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What's The Secret To India's Paralympics Success?

Devendra Jhajharia of India competes in the javelin throw at the 2016 Paralympic Games. The gold medal winner lost his left arm in an accident when he was 8.
Friedemann Vogel
Getty Images
Devendra Jhajharia of India competes in the javelin throw at the 2016 Paralympic Games. The gold medal winner lost his left arm in an accident when he was 8.

Deepa Malik was about to make history. Seated in a custom-made chair on a hot day in Rio, Malik — paralyzed from the chest down — held a 6.5-pound shot put between her neck and right shoulder. She took a deep breath and hurled the shot 15 feet across the throwing circle. The throw got Malik a silver at the Paralympic Games in Brazil this past Monday — and made her the first Indian woman to win a Paralympics medal.

"My first thoughts were, 'Oh my God, have I really won?' " says Malik, 45, via email. She developed a spinal tumor in her early 30s and has been paralyzed since. "To become the first Indian woman to win a Paralympic medal is an honor, and it is something I will cherish for the rest of my life."

A few days later, Devendra Jhajharia also had a historic win at the Summer Games. When he was 8, Jhajharia touched a live wire in his small North Indian village; his left arm had to be amputated. Everywhere he went, people commented on his missing limb, telling his mother he would forever have to rely on her. Tired of being called weak, Jhajharia was determined to prove them wrong.

And boy, did he ever. The 36-year-old javelin thrower just beat his own 2004 Athens Paralympic record and won a Paralympic gold for a second time.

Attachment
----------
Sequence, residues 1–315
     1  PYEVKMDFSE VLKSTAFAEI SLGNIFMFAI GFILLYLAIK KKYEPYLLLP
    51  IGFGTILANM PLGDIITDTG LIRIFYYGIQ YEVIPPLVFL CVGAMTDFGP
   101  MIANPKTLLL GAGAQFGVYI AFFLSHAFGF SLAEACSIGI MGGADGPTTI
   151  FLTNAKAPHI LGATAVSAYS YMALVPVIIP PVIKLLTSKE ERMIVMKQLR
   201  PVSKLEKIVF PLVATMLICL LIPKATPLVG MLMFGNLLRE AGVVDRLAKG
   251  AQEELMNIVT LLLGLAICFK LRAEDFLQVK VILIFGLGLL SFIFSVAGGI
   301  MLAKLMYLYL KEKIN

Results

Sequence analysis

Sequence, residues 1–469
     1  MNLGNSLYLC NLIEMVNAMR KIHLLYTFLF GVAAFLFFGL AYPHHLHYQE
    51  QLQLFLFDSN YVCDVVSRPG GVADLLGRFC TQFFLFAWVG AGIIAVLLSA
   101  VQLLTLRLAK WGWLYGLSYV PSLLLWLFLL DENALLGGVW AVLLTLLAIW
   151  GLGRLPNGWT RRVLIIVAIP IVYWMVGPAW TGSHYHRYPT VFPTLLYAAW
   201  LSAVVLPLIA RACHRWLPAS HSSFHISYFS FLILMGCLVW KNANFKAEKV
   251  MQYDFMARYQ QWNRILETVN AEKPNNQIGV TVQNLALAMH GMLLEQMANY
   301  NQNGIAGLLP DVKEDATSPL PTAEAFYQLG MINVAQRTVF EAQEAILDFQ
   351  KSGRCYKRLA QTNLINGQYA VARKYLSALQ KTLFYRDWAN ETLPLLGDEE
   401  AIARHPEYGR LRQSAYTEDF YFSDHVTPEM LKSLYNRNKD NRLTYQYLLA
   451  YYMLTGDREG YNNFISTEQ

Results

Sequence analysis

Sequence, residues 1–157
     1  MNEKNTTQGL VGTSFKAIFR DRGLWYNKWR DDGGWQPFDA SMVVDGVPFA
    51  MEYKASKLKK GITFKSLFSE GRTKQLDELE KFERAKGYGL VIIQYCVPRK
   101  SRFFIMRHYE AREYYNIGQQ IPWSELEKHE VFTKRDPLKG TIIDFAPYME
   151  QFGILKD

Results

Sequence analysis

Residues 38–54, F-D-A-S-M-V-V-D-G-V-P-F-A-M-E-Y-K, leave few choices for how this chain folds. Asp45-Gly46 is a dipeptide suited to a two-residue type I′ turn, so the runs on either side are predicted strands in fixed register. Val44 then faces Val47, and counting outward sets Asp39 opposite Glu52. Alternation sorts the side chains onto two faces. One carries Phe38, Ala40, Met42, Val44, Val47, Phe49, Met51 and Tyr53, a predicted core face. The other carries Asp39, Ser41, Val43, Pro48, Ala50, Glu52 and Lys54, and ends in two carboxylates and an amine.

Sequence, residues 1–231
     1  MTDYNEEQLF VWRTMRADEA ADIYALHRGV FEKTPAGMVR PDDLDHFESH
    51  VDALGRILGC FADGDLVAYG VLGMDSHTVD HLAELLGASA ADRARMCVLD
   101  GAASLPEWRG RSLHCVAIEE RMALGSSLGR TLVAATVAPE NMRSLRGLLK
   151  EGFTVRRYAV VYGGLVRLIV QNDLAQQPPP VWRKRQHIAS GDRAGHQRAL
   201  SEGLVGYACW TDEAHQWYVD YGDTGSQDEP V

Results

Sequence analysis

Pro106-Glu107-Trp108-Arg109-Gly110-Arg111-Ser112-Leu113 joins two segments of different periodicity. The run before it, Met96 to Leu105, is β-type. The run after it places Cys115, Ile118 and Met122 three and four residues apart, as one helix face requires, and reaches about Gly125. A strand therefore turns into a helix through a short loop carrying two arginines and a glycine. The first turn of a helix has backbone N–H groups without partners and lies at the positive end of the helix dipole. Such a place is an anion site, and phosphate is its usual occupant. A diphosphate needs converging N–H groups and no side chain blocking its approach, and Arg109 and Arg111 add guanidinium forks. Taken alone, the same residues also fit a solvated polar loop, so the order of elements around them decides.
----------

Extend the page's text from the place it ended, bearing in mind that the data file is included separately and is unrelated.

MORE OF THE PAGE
Malik and Jhajharia are part of a team of 19 athletes representing India at the 2016 Paralympic Games and proof of a change that's taking over the country. In fact, this modestly sized group is India's largest-ever Paralympic delegation. (China sent the largest delegation of 308 athletes; Brazil sent the second largest at 285; and at 279, the U.S. had the third largest.)

"It's fabulous," says Deepthi Bopaiah, executive director of GoSports Foundation, a nonprofit organization that funds professional athletes in India. "This is definitely a great start for India. I think more people will come forward to support these athletes."

A year ago, the foundation launched an exclusive program for India's para-athletes, and that program has funded most of the participants at this summer's Paralympics.

So far, India has won two golds, one silver and one bronze medal. That's double the success of its 2016 Olympic counterpart of more than 100 athletes.

Several factors have led the country to this summer of excellence. For starters, the Indian government recently passed a first-of-its-kind corporate social responsibility law requiring certain companies, based on their earnings and revenue, to contribute 2 percent of their profits to social development — including education, poverty and sport programs. "It's really changed the game for us," says Aparna Ravichandran, head of partnerships at GoSports Foundation.

Since its inception eight years ago, the foundation has relied on the support of individuals and small organizations, but this recent mandate has resulted in funding from multinational companies and other large partners. The government also launched a "Target Olympic Podium Scheme," an initiative that has set aside a little over 300 million rupees, or more than $4 million, for the program.

These cash incentives have made a world of difference to athletes — several of whom are from extremely humble backgrounds. They also convey to a society that's biased toward academics that sport can be a legitimate and lucrative career.